Portland Independent Base Bed Limestone

Technical Data Sheet
Portland Base Bed Limestone
Bowers Quarry, Isle of Portland
Contact : Albion Stone Quarries Ltd,
Tel. 01737 771 772 Fax. 01737 771 776
email: [email protected]
website : www.albionstonequarries.com
Grid Reference: SY 684 722
Compiled September 1997
This data sheet was compiled by the Building Research Establishment (BRE). Where possible, data collected in earlier surveys has been used to help interpret the test results. The data sheet was compiled in September 1997 using the results of tests carried out to the proposed European Standards. The work was carried out by BRE as part of a Partners in Technology Programme funded by the Department of the Environment, Transport and the Regions and Albion Stone Quarries Ltd and does not represent an endorsement of the stone by BRE.

The entrance to the quarry is Wide Street in Easton. There are plentiful reserves.

The stone is an open textured oolitic limestone from the Portlandian formation (Jurassic). The stone is formed from ooliths in a micrite (fine grained calcium carbonate) matrix.
Expected Durability and Performance
It is important that the results from the sodium sulphate crystallisation tests are not viewed in isolation. They should be considered with the results from the porosity and water absorption tests and the performance of the stone in existing buildings. Stone from the Portland Basebed is traditionally acknowledged as being less durable than Whitbed but it has been used extensively where a faster rate of weathering is acceptable or where its working qualities were required. It is possible to compare the results for the Basebed Stone from Bowers Quarry to those collected from buildings, exposure trials and tests on quarry samples collected by BRE during the last 70 years. This shows that the stone compares well with the traditional view of Portland Basebed. Previous research at BRE has shown that Portland limestone which has a low saturation coefficient (>0.72), a high microporosity (>11.0 of the stone by volume) and an increased amount of micritic matrix will weather more rapidly than Whitbed when used on buildings. The results summarised on these sheets show that most of the samples tested are of this type. The crystallisation test results show the stone to be Class D -E which BRE Report 141 suggests that it is suitable for plain walling and cladding. The results from the other tests suggest that soundest stone may well perform better than this class in the current environment. Where more severe exposure conditions are expected, for example high concentrations of sulphur dioxide or severe frosts, or where a long life is required (for example >50years) then it may be desirable to use a more durable stone (e.g. Portland Whitbed). When using Bowers Basebed it is especially important that the detailing of the stonework is designed to offer the maximum protection to rainwater and rainwater runoff. Based on current research it seems likely that the stone would weather at a rate of between 3 and 4 mm per 100 years but it could be greater in severe exposures or on the edges of stonework.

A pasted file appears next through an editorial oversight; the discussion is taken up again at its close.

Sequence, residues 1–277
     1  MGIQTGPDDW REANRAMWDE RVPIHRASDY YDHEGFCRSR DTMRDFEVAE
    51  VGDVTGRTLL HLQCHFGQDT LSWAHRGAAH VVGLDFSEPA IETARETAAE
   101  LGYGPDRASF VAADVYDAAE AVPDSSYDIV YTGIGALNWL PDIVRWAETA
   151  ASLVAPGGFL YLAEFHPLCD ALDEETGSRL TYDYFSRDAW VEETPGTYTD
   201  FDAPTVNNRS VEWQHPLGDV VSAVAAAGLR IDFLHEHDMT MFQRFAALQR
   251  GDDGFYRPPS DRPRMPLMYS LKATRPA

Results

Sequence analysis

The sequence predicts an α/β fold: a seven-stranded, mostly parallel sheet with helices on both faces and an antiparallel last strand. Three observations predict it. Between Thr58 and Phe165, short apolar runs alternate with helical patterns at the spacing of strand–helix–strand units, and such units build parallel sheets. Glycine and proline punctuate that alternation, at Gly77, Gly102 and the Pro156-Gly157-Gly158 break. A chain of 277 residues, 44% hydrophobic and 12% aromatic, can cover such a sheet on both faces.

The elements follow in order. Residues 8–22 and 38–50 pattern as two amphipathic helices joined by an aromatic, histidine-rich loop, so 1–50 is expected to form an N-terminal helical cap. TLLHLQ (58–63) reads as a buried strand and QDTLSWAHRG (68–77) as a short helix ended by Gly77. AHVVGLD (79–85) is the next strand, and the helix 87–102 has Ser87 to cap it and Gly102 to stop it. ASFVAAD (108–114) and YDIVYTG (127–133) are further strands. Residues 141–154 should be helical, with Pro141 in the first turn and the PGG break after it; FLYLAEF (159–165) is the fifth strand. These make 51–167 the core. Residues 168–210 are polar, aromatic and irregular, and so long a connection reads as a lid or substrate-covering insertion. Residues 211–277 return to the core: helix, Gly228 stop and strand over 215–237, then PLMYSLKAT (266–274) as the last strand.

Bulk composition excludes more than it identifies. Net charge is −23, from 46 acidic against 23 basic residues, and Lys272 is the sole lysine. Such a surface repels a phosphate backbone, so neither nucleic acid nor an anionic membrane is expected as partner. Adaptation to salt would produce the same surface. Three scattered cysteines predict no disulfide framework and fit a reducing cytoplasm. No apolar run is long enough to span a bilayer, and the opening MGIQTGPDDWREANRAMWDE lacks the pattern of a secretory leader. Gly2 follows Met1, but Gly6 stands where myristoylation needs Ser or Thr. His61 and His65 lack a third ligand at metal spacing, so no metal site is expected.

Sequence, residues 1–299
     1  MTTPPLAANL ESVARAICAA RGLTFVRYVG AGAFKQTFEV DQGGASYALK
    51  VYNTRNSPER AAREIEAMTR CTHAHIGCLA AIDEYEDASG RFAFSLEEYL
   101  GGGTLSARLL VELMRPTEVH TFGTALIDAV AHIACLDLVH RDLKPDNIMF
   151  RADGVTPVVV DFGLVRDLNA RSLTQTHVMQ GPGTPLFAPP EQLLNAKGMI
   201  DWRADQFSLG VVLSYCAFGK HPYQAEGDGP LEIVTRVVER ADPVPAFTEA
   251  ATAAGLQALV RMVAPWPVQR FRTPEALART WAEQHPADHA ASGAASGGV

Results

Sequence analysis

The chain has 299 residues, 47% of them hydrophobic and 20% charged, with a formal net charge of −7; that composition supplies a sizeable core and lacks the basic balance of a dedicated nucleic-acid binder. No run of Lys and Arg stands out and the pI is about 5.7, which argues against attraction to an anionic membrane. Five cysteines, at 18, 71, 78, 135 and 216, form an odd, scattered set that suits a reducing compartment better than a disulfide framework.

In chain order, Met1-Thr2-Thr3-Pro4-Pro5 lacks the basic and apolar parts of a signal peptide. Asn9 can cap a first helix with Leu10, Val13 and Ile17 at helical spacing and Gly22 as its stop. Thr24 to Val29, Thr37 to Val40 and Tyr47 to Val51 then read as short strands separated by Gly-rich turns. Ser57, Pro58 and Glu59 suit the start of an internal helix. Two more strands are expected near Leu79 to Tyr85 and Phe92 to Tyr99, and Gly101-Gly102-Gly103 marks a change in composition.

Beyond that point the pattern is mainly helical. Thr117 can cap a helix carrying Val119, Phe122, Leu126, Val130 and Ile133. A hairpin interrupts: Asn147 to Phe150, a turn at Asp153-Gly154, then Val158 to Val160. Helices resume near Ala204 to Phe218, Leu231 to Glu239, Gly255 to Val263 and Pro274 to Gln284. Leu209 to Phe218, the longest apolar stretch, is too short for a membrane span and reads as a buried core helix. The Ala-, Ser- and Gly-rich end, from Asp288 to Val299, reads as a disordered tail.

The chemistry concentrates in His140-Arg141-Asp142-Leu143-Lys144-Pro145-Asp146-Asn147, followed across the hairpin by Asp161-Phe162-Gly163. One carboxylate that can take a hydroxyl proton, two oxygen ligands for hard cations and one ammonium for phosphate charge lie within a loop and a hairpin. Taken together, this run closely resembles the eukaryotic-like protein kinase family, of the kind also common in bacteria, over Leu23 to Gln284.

Test Results – Portland Bowers Base Bed Limestone

Safety in Use
Slip Resistance (Note 1)
Wet: 75
Range 73 – 80. Values > 40 are considered safe
Abrasion Resistance(Note 1)
22.7-25.4 Values <23.0 are considered suitable
for use in heavily trafficked areas
Strength under
1) Compression(Note 2)

52.8 MPa
Range 41.3 – 64.3 Loaded perpendicular to the
bedding – ambient humidity
2) Bending (Note 1)
7.8 MPa
Range 7.3 – 8.2. Loaded perpendicular to the
bedding – ambient humidity
and Water Absorption
1) Porosity (Note 3)
Range 13.7 – 16.8%
2) Saturation Coefficient (Note 3)
Range 0.71 – 0.83
3) Water Absorption 4.2% (by wt)
4) Bulk specific gravity
2320 kg/m3
Resistance to Frost
Freeze/Thaw Test (Note 1)
Not determined
Resistance to Salt
Sodium Sulphate Crystallisation

Test (Note 3)

Mean: 62.8% wt loss
Range 17.7 – 89.3

(Test methods Note 1 = prEn1341, Note 2 = prEN 1342, Note 3 = prEn 1341 /BRE 141, Note 4 = BRE 141)

Tests were carried out at BRE between 1993 and March 1997, results from other laboratories have been included in the calculation of means and ranges.)

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